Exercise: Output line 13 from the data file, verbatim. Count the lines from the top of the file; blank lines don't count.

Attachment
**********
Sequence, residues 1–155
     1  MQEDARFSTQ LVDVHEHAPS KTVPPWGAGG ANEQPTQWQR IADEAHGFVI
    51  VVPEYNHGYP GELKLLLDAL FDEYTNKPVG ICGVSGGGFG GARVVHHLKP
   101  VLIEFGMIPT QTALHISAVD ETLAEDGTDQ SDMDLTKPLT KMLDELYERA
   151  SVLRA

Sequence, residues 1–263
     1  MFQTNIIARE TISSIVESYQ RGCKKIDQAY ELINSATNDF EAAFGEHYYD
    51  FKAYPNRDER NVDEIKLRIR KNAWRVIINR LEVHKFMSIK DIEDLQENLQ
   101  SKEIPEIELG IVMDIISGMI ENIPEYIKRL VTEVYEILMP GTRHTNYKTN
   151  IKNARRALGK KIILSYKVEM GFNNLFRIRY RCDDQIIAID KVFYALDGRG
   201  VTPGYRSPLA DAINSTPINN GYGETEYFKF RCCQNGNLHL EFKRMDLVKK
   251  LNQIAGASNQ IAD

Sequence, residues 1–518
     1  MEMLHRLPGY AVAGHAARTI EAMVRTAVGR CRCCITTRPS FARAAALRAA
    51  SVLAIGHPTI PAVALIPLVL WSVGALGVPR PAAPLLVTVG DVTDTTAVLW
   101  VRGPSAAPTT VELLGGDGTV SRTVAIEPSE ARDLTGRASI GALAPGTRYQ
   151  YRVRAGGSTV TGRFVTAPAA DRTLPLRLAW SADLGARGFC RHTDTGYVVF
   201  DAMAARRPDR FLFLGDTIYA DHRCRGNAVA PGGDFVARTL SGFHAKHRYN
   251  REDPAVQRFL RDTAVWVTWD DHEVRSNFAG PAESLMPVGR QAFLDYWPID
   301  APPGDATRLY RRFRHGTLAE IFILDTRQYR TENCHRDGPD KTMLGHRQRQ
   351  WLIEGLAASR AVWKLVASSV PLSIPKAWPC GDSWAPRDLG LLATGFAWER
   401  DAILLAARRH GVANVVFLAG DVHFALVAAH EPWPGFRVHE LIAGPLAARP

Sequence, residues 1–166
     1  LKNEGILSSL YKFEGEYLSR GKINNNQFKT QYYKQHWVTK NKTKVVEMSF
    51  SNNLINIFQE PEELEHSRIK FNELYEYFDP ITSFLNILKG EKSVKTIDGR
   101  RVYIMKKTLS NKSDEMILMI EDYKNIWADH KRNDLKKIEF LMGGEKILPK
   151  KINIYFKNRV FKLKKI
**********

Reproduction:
Sequence, residues 1–518